The endocannabinoid system is known as a “master regulatory system” and works to maintain homeostasis in the body, which is a science-y way of saying it works to keep your body balanced. But to understand how it works, you have to understand the compounds that influence it.Â
Endocannabinoids are types of molecules produced by your body. These are different from cannabinoid molecules that have to be ingested through cannabinoid-containing substances such as hemp oil, CBD oil, or marijuana. There are two main endocannabinoids that have been discoveredâ€”anandamide (AEA) and 2-arachidonoylglyerol (2-AG).
Throughout your body, the ECS has receptors for each of these endocannabinoids to bind to. When an endocannabinoid binds to a receptor, it signals your ECS and helps keep various body functions running optimally. The two main types of endocannabinoid receptors include CB1 receptors, located mainly in your central nervous system, and CB2 receptors, located mainly in your peripheral nervous system (specifically in your immune cells). Depending on which receptor an endocannabinoid binds to, it can produce different results. For example, if an endocannabinoid binds to CB2 receptors in your immune cells, it can help lower inflammation and ease symptoms of autoimmune conditions.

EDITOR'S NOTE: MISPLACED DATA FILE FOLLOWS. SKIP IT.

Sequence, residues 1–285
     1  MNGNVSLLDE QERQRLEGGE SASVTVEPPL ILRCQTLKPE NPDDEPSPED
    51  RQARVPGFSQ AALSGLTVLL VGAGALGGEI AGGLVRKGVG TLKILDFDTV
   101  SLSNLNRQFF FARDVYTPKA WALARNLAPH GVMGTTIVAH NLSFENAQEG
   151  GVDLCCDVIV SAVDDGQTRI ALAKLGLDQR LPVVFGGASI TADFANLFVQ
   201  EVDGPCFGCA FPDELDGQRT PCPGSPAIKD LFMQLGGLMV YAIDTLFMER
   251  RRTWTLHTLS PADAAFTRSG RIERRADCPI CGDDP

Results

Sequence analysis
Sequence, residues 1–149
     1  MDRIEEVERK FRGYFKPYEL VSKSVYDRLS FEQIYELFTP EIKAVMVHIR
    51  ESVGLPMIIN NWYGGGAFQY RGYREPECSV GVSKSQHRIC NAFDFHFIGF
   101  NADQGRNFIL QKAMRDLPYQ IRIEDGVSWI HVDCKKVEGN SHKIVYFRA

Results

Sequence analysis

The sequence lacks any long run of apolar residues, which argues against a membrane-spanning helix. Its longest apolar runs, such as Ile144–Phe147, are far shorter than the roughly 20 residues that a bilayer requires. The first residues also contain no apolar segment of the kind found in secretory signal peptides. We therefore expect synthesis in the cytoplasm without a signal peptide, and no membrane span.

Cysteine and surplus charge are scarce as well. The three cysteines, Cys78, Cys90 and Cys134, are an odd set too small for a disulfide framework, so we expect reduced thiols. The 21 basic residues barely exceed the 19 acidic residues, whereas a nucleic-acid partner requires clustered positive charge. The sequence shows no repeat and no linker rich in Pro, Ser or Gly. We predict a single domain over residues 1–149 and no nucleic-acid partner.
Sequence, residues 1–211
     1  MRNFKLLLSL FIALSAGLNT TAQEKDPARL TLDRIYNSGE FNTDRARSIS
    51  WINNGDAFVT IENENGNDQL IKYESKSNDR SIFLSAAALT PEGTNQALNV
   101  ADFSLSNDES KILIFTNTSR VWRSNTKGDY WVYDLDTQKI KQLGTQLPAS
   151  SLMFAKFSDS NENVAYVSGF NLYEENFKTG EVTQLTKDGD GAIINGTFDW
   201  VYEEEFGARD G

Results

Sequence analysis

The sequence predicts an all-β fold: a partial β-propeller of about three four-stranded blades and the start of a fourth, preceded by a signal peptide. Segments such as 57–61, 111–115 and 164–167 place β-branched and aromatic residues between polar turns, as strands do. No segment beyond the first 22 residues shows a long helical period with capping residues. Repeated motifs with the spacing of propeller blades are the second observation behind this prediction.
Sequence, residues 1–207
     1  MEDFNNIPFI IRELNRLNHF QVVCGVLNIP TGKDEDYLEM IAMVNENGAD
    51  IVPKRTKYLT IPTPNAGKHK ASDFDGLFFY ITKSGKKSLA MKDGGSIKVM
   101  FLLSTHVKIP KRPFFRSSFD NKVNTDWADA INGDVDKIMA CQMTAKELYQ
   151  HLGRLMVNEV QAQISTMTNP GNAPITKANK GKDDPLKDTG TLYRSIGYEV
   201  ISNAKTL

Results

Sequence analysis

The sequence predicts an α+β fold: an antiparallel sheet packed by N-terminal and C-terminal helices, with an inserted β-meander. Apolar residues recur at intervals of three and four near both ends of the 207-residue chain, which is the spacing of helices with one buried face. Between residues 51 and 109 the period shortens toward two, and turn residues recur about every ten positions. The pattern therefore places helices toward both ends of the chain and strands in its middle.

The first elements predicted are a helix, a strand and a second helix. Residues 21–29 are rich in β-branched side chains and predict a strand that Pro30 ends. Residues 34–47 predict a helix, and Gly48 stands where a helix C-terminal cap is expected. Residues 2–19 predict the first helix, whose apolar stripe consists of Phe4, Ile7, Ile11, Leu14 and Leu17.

So why would you want to support your ECS in other ways when you can just pop some CBD gummies or take some hemp extract oil? The more you support your ECS, the more effective your hemp and CBD products will actually be. But more than that, taking steps to support this system will go a long way in enhancing your overall health.
In fact, more and more research is showing the connection between a variety of health problems and low endocannabinoid levels, similar to how a deficiency in neurotransmitters can be linked to other health problems like depression. In research this is referred to as “clinical endocannabinoid deficiency,” and it can play a role in autism, migraines, fibromyalgia, and irritable bowel syndrome. And these are just the beginning as the research surrounding the ECS continues to grow.Â